East of England Co-op
East of England Co-op has made great strides in introducing new products and expanding on its existing campaigns, promoting a more sustainable approach towards recycling, food waste, and energy consumption
Describing 2019 for East of England Co-op, Joint Chief Executive Officer – Roger Grosvenor – says that the year has been one of “significant change and refocus.” While its core businesses – Property, Food, Funeral, Travel, and Security – have remained the centre of attention, the company also effected the decision taken in 2017 to close its Ipswich distribution centre, fully joining the National Integrated Supply Chain run by Co-op Retail Logistics, part of the Manchester-based Co-operative Group.
“Our Property portfolio is showing encouraging growth, with over 500 commercial investment and residential properties,” Roger begins, before updating us on the current success of the organisation. “Key expenditure during the year has been directed mainly towards two main projects – a housing development in Woodbridge, Suffolk and a former department store in Colchester, Essex.
“We have extended our Funeral Services to a further 31 communities, taking us from 34 branches to 65, while our fledgling Security business ‘Co-op Secure Response’ has seen growth beyond expectation, 39 per cent ahead of budget. The service we provide is bespoke, with alarms and CCTV being supported by a state-of-the-art Alarm Receiving Centre monitored 24/7 365 days a year. Despite operating in a volatile sector, our Travel division is growing too, at a 4.6 per cent rate, with plans to next year refurbish our branches across Suffolk and Essex.”
We are now going to focus on East of England Co-op’s Food business, which has benefitted from considerable investment in refurbishment and expansion, and is now entering the last stage of a major refurbishment programme it has been working on over the past couple of years. “It was in 2015 that we decided to refresh our food stores and we set out to put in place two specific store ‘formats’ – standard and premium. The latter is applied mainly to our larger stores, providing a completely different ambience and a significantly increased range. We’ve refurbished 16 branches this year, with the remaining 16 scheduled for completion by mid-2020, so, next year, we will have all of our 122 stores operating to the same high standard,” Roger points out.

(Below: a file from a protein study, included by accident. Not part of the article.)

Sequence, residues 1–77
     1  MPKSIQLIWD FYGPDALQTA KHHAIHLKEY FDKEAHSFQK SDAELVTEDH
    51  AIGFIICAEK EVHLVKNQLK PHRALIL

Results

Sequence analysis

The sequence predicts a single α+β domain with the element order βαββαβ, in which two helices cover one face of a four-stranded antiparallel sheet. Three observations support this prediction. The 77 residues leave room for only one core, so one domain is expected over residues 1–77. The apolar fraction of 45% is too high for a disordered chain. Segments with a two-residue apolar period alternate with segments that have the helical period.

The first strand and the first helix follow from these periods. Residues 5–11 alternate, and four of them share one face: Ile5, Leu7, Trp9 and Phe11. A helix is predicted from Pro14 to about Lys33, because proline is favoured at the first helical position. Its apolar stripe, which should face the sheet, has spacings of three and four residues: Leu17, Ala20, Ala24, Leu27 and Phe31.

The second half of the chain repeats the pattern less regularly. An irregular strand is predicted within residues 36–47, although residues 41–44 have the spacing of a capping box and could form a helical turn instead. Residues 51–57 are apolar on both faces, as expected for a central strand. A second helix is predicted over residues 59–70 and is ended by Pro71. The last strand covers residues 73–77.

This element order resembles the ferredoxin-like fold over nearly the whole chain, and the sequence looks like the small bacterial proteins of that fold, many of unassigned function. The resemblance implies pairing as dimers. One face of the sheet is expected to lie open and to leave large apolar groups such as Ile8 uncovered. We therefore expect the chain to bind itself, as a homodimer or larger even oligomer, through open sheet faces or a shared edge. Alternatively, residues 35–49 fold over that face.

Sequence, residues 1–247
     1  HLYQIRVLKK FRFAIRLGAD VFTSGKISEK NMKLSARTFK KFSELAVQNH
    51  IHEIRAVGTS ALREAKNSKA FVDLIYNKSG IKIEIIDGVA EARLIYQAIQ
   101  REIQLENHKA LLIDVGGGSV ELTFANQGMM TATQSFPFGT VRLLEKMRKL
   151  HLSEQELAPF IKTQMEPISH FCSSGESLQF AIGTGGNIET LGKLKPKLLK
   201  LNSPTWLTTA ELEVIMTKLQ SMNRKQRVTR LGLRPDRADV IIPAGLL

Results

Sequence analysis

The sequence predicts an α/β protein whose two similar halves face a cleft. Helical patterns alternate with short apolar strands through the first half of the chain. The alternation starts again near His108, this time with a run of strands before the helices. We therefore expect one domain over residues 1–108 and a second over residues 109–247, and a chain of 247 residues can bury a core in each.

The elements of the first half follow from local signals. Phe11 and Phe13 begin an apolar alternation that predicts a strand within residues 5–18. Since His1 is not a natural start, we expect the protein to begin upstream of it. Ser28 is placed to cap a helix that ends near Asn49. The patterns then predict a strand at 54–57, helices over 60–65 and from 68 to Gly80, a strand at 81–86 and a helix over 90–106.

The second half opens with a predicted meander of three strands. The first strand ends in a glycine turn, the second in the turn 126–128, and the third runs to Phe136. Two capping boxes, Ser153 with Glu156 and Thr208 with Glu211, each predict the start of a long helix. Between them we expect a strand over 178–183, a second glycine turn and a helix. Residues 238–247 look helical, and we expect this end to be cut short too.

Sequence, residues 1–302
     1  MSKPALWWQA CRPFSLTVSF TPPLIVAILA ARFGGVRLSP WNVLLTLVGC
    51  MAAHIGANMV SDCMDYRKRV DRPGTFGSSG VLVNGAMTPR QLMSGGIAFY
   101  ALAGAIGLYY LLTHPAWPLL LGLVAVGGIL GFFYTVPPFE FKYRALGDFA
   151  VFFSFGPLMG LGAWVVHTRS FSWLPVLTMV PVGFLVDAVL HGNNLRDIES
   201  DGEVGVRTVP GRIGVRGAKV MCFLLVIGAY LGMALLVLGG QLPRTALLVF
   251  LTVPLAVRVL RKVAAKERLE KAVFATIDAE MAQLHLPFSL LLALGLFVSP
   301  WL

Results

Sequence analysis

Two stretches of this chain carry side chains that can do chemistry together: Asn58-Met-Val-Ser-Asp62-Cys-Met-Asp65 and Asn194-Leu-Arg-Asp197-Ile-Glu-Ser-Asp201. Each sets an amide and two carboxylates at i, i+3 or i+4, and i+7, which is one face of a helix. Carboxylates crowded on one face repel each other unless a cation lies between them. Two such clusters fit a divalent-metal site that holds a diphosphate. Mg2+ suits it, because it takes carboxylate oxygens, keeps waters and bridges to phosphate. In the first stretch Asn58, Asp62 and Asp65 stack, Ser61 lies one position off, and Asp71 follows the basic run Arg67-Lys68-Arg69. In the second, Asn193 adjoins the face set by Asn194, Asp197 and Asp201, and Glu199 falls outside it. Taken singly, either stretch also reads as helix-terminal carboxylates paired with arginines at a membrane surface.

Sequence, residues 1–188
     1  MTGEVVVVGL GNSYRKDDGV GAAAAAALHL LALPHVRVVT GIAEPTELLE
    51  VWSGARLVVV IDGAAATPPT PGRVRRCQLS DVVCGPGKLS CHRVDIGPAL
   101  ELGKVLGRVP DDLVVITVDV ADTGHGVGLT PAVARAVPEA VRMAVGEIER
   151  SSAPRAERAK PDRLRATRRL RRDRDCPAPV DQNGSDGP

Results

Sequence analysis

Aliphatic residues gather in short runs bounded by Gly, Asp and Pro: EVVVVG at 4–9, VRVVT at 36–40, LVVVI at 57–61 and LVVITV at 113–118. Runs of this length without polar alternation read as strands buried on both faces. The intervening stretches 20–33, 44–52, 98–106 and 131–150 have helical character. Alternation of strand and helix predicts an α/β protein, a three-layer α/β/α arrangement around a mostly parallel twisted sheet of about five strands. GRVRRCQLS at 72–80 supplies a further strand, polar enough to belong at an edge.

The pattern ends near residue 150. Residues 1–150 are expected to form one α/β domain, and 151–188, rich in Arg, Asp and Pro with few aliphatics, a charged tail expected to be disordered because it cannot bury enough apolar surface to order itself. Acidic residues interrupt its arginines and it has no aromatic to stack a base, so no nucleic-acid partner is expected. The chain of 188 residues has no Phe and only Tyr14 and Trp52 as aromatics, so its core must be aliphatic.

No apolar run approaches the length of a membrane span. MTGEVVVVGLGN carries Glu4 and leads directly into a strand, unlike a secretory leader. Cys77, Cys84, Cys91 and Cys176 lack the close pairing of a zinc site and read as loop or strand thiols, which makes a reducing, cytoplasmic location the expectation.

In line with global trends, East of England Co-op’s refurbishment scheme is being delivered with sustainability in mind. An example of this, is their determination to reduce the stores’ energy consumption. “In our stores, we use the latest energy efficient technology, including LED and motion sensor lights, intelligent heating controls and energy efficient refrigeration,” comments Roger. “We’ve also introduced Electric Vehicle charging points at a number of our stores and head office. Whilst solar panels fitted to several of our stores generated just under 58,000 Kwh/yr last year – the equivalent of 16.41 tonnes of CO2.”
For quite some time now, East of England Co-op has taken a tough stance against food waste, launching a series of initiatives. Over the last 12 months, the business has extended its ‘Co-op Guide to Dating’ campaign, where it offers items past their ‘Best before’ date at the price of 10p, by adding frozen and fresh foods to the initiative, resulting in an annual total of 350 tonnes of edible food being saved from landfill.